as a country. in it it claims that the trump white house made deliberate efforts to undermine the covid response. is that true? >> i'm not familiar with that particular claim. i was part of the trump administration. part of the obama administration. new i'm part of the biden administration for two more days. so i'm trying to stay out of the political side of this. i think you better find somebody else to answer that question. i'm not sure what they're claiming. >> neil: i'll elaborate. one has it that you, sir, called for a quick and devastating publish take down of the herd immunity strategy that the trump white house was pushing. that you disagreed with it strongly. thought it sent the wrong message. >> well, okay, if it's that specific. there were people, dr. scott atlas that said don't worry about this business of putting on masks or asking people to isolate themselves or stay distanced. let it rip.
let this virus run through the country until everybody has had it and we'll have herd immunity. the consequence of that would have been hundreds of thousands of additional deaths. that didn't make sense to me. >> neil: so the other efforts the white house was taking, pro moding hydroxychloroquine and plasma and all that, were you concerned about that at the time? dr. birx was. others working at the time with you. what was your take on that? >> i'm a scientist. i wanted to see the data. the data for hydroxychloroquines was never there. the more studies that got done showed it wasn't providing. with convalescent plasma. everybody wanted it to work. i was a skeptic. yes, i think i got a little hot water by not being willing to say in had been proven successful when the data wasn't
there. >> neil: doctor, i apologize if you've not had a chance to read this report. but since your name was mentioned, i did want to pursue one other part of it. that there was pressure for you to fire dr. anthony fauci. did you ever consider it? did anyone tell you to consider it? >> no, i was never asked to do that. there were a lot of rumors flying around that that was about to happen. i think i did several instances say i would not be willing to do that. here's probably the most respected knowledgeable infectious disease expert in the world who is basically getting in hot water because he's speaking the truth to people that don't want to hear it? is that a reason for me to relieve him of his job? no. i would not have been willing to do. that would have had to fire me first. >> neil: so you stood by them then and stand by him now? >> i do. i think he's discharged his
duties as a public servant in remarkable ways. it's heart breaking that people decided to demonize him for political purposes when he doesn't deserve that and his family is under constant attack and requires 24 hour security. what is happening here? why is it that we find it necessary to blame something that is just trying to tell you the truth? >> neil: is that part of the reason why this is your last week day on the job? >> no. i've been on the job now, neil, for 12 years, which is about twice the length of any previous nih director. it's a long time. organizations like nih need new scientific leadership on a regular basis to keep it energized. i felt some time ago that it was probably time for me to step away. seems like this is the moment. nih is in great shape. we're doing our job as far as the science of covid. i can step away with absolute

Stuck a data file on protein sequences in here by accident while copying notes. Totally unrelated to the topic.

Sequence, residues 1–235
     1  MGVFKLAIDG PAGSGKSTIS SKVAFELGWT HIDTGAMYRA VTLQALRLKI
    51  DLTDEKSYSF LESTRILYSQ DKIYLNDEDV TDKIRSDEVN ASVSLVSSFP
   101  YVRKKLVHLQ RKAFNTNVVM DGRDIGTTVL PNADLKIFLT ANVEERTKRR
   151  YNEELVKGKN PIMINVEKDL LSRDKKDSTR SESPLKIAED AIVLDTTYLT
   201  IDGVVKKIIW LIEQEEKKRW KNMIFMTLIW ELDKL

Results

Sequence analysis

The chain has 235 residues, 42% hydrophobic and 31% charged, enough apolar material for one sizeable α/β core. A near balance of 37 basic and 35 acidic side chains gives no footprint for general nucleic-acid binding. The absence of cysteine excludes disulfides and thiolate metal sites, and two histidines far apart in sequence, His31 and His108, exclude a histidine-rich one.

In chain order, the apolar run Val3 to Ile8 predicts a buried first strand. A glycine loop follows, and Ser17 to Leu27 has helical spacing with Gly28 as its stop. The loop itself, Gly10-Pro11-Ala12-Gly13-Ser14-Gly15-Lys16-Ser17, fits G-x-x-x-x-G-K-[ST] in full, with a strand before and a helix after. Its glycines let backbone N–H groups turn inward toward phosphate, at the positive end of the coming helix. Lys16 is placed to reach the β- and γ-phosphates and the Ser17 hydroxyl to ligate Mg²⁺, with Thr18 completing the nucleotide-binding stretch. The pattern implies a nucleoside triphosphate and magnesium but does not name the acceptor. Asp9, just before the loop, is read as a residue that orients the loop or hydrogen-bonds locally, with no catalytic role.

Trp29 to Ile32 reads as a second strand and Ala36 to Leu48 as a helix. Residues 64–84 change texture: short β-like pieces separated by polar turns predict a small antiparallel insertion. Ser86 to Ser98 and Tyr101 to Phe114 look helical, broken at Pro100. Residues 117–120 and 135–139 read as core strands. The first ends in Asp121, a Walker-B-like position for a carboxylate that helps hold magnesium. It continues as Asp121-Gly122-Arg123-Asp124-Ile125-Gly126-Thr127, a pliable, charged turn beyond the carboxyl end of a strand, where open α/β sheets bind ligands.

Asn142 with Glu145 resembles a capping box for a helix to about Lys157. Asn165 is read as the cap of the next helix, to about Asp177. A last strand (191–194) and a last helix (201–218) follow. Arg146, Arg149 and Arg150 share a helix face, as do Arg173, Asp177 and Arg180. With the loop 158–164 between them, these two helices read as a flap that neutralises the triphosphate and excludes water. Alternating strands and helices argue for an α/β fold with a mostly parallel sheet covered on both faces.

confidence that all of that momentum will be continued. i'm ready to try something else. i don't know what it is, by the way. i don't have a clear plan. i'm going back into my lab. i'm going to think, write, maybe get some sleep and try to figure out what it is i'm supposed to do when i grow up. >> neil: as you look forward to the future. do you feel vindicated with your stance on herd immunity thinking that that would be the magic bullet and promote that notion? it's not turned out to be the case. we still have the overwhelming number of americans vaccinated and a good many fully vaccinated and yet the so-called herd immunity has not taken hold. if anything, these cases are spreading like wild fire. do you feel that your original doubts about embracing that have been proven out?
>> you know, there's plenty other reasons to question that proposal that theory about herd immunity. didn't make sense. it would result in the sacrifice of hundreds of thousands of lives. what we have found since then is that the virus is so capable of shape shifting it gets in the way of herd immunity. we might have herd immunity to the wuhan virus but not to omicron. it's like we have a new character here, a screwed up sibling of what we started with and our immune system has potential to fight it off but it's challenging. so the herd immunity concept immunes that you deal with the same virus all the way along. this has not turned out to behave that way. >> neil: you worked with three different presidents dealing with viruses and far worse. any advice for future presidents how to handle crises like this?